Radio programmers should regularly review their website stats to gauge their performance. I encourage broadcasters to do this as part of a weekly web meeting. One of the most important source of stats to review is your Google Analytics data. Among other things, it will show you where people who visit your website are coming from.

Website traffic sources will be broadly grouped into these categories:

    • Direct Traffic: People who are typing your website’s URL directly into their browser. This is a bigger source of traffic for radio stations than companies in other industries because listeners hear the URL over the station’s airwaves so often. Radio stations that use a Content Marketing strategy to grow their website traffic will probably see direct traffic shrink as a percentage as other sources grow.
    • Organic Search: If people type something into a search engine like Google and your website comes back as a result, that is called an “organic search result.” When visitors come to your website after clicking one of these organic search results, Google labels the traffic as “Organic Search.” As you optimize your website for search engines and publish more content, you should see the amount of traffic from Organic Search increase. You may see a few pieces of content on your website that regularly produce organic search traffic. For example, this post by morning show personality Sheri Lynch regularly produces Organic Search traffic on our website.
    • Paid Search: Organic Search traffic is different than Paid Search traffic. If you are paying to advertise your website in search engines (such as through Google AdWords), you may get traffic when people click on one of these paid advertisements. Most radio stations don’t run paid search ad campaigns on a regular basis.
    • Social Media: People who come to your website through a link on a social network like Facebook or Twitter are lumped under the “Social Media” heading. You’ll want to drill down and see which networks are providing the most traffic. In all likelihood, Facebook will be the biggest source of traffic by far, but you may be surprised to see Twitter outperform Instagram. Are LinkedIn, Snapchat, Pinterest, or other social networks a significant source of website traffic for your station?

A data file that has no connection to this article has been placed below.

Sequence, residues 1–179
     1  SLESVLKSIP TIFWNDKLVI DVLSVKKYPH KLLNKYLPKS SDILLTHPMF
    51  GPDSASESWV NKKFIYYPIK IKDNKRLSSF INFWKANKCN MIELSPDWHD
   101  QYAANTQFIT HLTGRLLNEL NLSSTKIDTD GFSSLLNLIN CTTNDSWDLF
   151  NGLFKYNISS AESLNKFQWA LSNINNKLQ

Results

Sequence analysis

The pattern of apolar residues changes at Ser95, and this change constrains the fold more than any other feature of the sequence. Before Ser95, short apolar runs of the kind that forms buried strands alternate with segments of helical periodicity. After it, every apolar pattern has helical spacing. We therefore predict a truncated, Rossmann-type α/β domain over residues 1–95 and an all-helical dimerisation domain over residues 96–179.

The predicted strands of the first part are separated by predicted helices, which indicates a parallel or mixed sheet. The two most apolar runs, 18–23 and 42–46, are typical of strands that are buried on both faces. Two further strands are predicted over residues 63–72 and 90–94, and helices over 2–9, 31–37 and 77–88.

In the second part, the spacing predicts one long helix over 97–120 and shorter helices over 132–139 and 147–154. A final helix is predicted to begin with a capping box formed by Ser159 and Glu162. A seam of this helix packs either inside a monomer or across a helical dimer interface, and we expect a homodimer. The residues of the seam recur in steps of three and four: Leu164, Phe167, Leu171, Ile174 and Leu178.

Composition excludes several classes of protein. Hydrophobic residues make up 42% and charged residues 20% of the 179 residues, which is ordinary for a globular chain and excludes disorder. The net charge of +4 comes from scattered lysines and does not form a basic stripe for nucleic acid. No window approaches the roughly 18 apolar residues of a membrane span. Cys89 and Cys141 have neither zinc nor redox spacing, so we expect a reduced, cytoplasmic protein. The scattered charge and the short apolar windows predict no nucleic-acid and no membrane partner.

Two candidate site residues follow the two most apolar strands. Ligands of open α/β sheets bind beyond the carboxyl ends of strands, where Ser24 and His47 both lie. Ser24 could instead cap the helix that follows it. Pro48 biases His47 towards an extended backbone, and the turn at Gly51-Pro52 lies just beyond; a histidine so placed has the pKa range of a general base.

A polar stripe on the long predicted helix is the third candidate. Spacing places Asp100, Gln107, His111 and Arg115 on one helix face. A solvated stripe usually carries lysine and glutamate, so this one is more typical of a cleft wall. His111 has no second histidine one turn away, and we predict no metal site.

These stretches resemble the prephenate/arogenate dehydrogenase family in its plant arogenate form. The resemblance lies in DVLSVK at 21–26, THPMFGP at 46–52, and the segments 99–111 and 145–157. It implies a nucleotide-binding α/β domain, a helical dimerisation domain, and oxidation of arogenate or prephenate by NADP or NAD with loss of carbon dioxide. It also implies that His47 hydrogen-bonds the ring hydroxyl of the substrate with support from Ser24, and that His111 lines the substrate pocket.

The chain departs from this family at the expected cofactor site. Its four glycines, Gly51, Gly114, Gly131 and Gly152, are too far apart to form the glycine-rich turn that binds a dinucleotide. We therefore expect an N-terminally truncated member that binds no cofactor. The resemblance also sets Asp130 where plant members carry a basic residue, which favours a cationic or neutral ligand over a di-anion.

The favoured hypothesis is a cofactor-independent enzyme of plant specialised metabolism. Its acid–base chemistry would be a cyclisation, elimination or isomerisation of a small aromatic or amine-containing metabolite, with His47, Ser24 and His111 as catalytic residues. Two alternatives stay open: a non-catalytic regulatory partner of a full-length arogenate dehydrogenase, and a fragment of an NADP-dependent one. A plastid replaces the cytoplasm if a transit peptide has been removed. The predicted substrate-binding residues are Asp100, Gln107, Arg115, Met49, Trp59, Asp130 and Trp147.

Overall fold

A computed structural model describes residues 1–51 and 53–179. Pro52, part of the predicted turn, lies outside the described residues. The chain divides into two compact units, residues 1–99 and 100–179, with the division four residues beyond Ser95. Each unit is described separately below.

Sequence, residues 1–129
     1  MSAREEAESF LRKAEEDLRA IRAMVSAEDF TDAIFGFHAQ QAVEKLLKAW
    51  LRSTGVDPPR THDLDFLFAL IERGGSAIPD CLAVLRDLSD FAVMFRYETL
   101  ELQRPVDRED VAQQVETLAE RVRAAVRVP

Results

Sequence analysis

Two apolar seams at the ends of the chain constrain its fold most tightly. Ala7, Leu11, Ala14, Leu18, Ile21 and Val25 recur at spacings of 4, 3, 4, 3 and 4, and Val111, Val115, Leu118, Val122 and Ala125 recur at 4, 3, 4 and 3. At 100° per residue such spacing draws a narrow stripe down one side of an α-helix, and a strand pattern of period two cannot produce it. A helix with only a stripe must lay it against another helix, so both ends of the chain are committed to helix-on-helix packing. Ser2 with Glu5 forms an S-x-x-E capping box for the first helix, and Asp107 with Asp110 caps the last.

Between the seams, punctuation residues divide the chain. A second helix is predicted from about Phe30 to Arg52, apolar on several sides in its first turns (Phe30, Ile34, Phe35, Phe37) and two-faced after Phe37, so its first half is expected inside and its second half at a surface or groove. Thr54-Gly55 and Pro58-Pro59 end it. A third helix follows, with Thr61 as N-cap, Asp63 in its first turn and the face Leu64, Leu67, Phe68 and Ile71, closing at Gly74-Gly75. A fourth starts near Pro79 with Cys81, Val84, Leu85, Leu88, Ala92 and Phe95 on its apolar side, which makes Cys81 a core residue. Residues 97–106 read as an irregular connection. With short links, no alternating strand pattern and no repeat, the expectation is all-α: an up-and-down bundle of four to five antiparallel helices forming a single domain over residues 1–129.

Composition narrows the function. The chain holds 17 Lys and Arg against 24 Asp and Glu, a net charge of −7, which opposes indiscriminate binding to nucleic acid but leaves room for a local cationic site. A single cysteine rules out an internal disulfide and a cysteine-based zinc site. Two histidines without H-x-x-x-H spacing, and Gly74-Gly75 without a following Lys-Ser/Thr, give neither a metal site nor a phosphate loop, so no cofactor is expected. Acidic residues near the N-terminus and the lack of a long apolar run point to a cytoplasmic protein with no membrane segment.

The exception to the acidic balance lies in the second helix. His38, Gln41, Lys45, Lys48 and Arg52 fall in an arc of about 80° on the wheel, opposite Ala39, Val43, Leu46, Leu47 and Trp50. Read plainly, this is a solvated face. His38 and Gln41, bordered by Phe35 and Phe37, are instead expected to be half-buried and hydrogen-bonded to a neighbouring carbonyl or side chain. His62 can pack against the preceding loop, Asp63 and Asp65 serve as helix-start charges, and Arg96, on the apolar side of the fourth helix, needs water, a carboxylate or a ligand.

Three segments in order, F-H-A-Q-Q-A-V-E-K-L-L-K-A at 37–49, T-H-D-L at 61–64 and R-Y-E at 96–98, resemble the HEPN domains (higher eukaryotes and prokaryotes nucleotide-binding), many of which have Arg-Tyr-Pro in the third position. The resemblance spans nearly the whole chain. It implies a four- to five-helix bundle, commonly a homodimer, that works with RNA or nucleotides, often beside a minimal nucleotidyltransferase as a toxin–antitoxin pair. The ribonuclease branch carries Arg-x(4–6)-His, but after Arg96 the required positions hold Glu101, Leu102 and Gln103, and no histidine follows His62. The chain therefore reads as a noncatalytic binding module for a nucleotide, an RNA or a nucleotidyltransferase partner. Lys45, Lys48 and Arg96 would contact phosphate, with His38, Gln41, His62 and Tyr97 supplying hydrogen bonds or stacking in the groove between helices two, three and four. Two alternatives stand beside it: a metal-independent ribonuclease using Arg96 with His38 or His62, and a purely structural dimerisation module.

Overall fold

• Referral: People who come to your website through a link on another website, such as a blog or news site, are called “Referral Traffic.” If your station has a link on a highly trafficked website — for example, if the local newspaper publishes an article about your station and includes a link to your website — than you may see a significant source of referral traffic.
    • Email: If you capture the email addresses of website visitors and regularly send out email campaigns that drive people back to your site, email may be a significant source of traffic.

Google Analytics can show you your website traffic sources as a percentage in a pie graph, but these can shift over time. If your overall website traffic is increasing, the percentage of one traffic source might go down simply because another source is growing at a faster rate. So it’s a good idea to look at the raw visitor numbers, not just the percentages.

If you haven’t looked at your Google Analytics data in a while, take a peek and see how people are getting to your radio station’s website.

For more assistance on digital or social media, contact MAB Member Services at [email protected] or 1-800-968-7622.

Editor’s Note: The views and opinions of this article do not necessarily reflect those of the MAB. Contact the MAB for information on the MAB’s official editorial policy.




Midwestern Broadcasting Takes WCCW-AM to Oldies

Midwestern Broadcasting’s WCCW-AM (Traverse City) has flipped from a full-time sports format to oldies, as “AM 13.”  The switch happened this past Monday, August 20.

The music format ranges from the Beach Boys to Motown, and includes elements ranging from memorable commercials from bygone local establishments, to legendary shows from national personalities like Wolfman Jack, to fun morning “Do you remember….” contests.